The only existing international treaty addressing marine debris on a global scale is MARPOL, which bans ships from dumping plastic waste into the oceans as of 1988. Although that does not seem like a long time ago, we live in a rapidly changing world and it is important to maintain policy as new technology and information becomes available. Countries, specifically developed nations, need to reevaluate their plastic production and consumption manners and enact legislation that phases out single-use plastics. Opposing viewpoints would argue that the medical field cannot eliminate their dependency on plastics. I agree that plastic is seen as hygienic and important for medical use but that does not mean we cannot find ways to properly dispose these plastics or recycle them while searching for alternatives that still maintain medical integrity.
Recycling is itself an issue because of the lack of infrastructure and proper recycling techniques. Only 9% of all plastic ever made has been recycled into new plastics. Only 9%! Recycling plastic by conventional means is difficult and the demand for buying recycled plastic pellets (to be melted and shaped into a new plastic item) is low. But if the human race wants to continue living and in a sustainable manner, there has got to be a major change in lifestyles, a revamp to the recycling system, better product designs, in addition to government action about the plastic crisis.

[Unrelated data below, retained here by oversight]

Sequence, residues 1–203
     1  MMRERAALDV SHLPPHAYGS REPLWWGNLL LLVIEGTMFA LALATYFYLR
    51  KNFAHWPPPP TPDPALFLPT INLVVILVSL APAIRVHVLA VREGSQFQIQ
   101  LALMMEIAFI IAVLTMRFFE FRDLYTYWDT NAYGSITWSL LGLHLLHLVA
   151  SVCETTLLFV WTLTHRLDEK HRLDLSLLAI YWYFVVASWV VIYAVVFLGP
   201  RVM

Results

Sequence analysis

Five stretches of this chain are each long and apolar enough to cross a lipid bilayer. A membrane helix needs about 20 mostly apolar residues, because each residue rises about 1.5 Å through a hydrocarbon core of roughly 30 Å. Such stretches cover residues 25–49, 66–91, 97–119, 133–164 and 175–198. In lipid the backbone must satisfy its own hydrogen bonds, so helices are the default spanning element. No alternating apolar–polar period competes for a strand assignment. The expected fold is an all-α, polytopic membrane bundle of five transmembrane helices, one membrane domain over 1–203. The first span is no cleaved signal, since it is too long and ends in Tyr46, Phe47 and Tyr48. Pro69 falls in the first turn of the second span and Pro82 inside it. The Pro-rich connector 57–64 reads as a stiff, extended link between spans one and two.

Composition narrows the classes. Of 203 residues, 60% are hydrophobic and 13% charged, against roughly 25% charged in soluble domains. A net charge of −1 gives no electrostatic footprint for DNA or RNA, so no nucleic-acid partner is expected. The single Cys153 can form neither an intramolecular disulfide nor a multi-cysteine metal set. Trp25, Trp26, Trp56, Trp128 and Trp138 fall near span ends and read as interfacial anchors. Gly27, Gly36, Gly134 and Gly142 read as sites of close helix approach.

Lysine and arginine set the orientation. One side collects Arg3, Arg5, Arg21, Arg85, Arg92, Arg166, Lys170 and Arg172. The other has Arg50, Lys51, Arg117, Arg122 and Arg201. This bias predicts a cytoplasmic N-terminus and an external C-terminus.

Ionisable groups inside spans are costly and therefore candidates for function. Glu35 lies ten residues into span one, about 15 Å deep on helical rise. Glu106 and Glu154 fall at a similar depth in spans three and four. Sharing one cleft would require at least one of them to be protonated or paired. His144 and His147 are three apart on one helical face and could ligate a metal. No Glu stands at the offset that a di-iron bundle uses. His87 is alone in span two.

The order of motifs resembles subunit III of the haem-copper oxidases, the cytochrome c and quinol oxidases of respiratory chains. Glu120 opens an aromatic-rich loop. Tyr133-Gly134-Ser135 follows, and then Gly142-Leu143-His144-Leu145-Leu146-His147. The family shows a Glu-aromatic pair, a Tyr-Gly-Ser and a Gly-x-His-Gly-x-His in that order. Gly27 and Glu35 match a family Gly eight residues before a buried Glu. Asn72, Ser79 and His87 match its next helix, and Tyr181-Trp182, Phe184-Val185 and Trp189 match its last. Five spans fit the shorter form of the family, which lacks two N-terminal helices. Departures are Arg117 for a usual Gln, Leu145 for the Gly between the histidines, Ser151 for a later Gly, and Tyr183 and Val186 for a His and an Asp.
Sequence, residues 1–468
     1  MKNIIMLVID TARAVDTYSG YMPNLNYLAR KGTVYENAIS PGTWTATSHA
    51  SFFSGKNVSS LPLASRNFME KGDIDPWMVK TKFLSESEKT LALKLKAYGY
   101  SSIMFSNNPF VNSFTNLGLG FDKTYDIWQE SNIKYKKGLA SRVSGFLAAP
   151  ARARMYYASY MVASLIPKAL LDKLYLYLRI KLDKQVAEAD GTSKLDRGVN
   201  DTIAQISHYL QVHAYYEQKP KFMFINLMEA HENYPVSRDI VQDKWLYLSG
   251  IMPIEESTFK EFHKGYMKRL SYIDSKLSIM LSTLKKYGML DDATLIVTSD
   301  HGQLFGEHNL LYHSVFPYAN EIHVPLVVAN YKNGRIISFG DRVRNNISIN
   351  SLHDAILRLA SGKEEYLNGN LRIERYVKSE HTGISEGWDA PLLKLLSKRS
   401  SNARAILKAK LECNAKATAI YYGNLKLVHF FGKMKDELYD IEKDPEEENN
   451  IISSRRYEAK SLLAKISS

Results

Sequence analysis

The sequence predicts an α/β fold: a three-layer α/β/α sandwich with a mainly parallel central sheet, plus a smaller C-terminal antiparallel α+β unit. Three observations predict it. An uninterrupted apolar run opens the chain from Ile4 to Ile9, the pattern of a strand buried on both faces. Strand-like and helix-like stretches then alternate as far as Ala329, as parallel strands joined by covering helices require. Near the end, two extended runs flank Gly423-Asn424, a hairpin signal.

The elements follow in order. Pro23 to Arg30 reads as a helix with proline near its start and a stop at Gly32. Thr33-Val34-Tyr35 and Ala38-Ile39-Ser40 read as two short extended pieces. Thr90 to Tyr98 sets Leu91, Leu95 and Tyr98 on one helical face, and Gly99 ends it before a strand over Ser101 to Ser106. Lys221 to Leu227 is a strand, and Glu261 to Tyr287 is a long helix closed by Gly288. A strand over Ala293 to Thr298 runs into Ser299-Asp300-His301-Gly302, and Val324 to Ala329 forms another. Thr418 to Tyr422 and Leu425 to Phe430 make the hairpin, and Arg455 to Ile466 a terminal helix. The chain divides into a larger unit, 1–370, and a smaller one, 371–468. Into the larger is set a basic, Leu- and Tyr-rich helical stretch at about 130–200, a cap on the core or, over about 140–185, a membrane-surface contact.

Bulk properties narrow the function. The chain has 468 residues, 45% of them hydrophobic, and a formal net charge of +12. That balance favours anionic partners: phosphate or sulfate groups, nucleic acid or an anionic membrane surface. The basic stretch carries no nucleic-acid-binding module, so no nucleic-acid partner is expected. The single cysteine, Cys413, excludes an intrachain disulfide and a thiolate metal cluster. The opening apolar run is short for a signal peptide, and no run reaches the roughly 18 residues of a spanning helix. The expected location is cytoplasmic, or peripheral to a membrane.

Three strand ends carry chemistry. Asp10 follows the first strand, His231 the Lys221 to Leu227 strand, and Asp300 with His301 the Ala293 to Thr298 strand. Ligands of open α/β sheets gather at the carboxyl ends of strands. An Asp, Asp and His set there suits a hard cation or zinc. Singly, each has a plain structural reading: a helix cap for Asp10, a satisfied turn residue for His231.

While COP will continue to be an ironic conference with the amount of greenhouse gas emissions created by tens of thousands of people traveling to negotiate climate action and creating tons of waste, this brings about more questions. First, some numbers. In total, 39,509 people registered for the conference: 21,967 representatives from parties and observer states; 14,033 observers; and 3,781 media. At COP26, almost all negotiations were closed off for only party delegates. This was frustrating as an observer and made me question “what is the purpose of the observer if we cannot a) observe the negotiations and b) voice our opinions and concerns?”. Does COP need to have this many observers flying to the conference? Can it reduce the number from each organization or make it more accessible virtually? Policymaking is a very slow process and having countries meet every year seems to be redundant – does COP need to meet each year? What if only party delegates met to negotiate (and this would include representatives from Indigenous Peoples as well)? By reducing numbers, COP reduces its carbon footprint. But on the opposite, we would be eliminating the opportunity that people like me got in addition to eliminating the stage for many organizations to showcase their climate projects from all over the world.
However COP proceeds in the years to come, its outcomes must be more aggressive and legally binding. Every year countries provide the same excuses “we need more time” but the climate crisis will not wait for anyone. COP27 will be under extreme pressure to contribute more to climate action.
Natasha Dacic is a PhD student in the Climate and Space Sciences and Engineering Department at the University of Michigan. Dacic’s COP26 trip was funded by the Science, Technology, and Public Policy Student Development Grant and the College of Engineering Graduate Student Co-Curricular Experiences Grant.